Ian Fletcher asserts that the economic case for free trade doesn’t apply in the real world because it’s impractical for free-trade’s “winners” to compensate (as they do in some esoteric economic models) free-trade’s “losers.”
Fletcher slays merely a man of straw: the economic case for free trade does not require “winners” to compensate “losers.”
More troubling is the foundational inconsistency in Fletcher’s objections to free trade – an inconsistency he shares with most other protectionists. Fletcher correctly notes that changes in consumer tastes, no less than increased supplies of goods and services from foreign producers, cause some existing domestic jobs to be lost. But he mysteriously singles out foreign trade as an institution that creates “winners” and “losers and, therefore, allegedly requires government intervention.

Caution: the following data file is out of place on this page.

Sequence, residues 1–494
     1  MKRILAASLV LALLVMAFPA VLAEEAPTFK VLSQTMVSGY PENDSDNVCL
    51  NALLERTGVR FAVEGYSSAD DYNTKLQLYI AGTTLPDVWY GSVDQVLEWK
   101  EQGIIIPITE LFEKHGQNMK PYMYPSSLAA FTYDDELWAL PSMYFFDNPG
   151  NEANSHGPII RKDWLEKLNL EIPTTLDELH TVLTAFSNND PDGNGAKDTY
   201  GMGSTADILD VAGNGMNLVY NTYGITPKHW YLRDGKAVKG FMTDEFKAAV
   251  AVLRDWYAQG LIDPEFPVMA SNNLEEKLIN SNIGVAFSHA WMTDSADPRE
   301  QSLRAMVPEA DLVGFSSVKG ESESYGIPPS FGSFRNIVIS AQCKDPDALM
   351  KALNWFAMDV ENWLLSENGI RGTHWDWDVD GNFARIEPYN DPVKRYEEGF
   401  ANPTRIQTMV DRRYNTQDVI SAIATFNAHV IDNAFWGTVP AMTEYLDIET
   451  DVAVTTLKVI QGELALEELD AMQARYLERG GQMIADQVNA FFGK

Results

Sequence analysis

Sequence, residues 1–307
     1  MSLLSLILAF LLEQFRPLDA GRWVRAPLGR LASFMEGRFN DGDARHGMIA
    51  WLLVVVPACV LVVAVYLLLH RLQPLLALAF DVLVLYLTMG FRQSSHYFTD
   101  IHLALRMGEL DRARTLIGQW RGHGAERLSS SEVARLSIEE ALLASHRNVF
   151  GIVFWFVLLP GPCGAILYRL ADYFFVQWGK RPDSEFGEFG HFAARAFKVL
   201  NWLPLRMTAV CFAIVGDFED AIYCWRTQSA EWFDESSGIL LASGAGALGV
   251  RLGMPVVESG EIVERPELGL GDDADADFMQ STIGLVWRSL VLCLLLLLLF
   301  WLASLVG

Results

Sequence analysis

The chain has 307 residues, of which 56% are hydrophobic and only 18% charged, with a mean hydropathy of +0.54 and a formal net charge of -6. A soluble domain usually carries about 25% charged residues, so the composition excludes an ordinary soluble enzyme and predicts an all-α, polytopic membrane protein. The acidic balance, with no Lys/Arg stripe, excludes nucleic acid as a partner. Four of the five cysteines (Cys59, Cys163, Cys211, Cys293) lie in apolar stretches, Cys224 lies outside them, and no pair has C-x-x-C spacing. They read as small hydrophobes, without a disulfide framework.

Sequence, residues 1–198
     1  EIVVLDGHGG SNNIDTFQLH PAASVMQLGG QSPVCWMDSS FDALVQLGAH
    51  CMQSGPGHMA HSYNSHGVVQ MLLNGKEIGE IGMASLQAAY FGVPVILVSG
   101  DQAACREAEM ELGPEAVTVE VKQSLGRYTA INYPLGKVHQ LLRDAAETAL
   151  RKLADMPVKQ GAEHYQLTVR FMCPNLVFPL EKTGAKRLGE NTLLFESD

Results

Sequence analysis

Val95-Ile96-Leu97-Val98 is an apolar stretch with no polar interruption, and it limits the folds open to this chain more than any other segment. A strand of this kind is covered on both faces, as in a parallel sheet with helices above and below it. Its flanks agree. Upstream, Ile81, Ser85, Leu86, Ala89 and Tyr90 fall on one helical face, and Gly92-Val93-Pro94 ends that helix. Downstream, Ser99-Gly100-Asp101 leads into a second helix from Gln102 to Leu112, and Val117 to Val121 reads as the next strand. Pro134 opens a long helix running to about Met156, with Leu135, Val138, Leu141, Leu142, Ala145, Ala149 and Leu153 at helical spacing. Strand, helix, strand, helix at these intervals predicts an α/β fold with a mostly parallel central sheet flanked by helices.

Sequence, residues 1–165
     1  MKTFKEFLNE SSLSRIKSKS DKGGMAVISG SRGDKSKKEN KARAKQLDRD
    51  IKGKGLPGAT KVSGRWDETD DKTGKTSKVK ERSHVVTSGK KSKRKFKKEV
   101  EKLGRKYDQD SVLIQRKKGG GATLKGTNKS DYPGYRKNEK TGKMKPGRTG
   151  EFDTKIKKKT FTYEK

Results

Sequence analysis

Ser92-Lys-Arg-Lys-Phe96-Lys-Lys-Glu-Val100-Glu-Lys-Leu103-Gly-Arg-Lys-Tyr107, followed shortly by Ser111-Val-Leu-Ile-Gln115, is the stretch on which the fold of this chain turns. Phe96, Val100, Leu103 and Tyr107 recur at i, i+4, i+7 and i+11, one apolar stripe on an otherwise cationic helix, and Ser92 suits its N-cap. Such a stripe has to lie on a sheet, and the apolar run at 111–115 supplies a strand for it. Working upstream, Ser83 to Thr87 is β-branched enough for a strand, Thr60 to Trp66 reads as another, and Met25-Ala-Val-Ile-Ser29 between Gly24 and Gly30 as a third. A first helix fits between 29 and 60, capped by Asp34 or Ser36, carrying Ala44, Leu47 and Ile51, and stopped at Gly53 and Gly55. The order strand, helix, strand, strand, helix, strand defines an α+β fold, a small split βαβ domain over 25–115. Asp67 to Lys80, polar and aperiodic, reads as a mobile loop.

If Fletcher were to judge domestic trade by the same criteria that he applies to foreign trade, he’d be obliged to argue for special taxes on all new products, on all new services, and on all goods and services whose prices are cut or whose quality is improved, regardless of where these goods and services are produced. In short, he’d have to argue for special taxes on competition and consumer choice – for the “winners” and “losers” that Fletcher thinks he sees only when patterns of foreign trade change exist no less when only patterns of domestic trade change.
Long-time Cafe patrons know that I argue that, when evaluated over relevant time horizons, trade has no losers.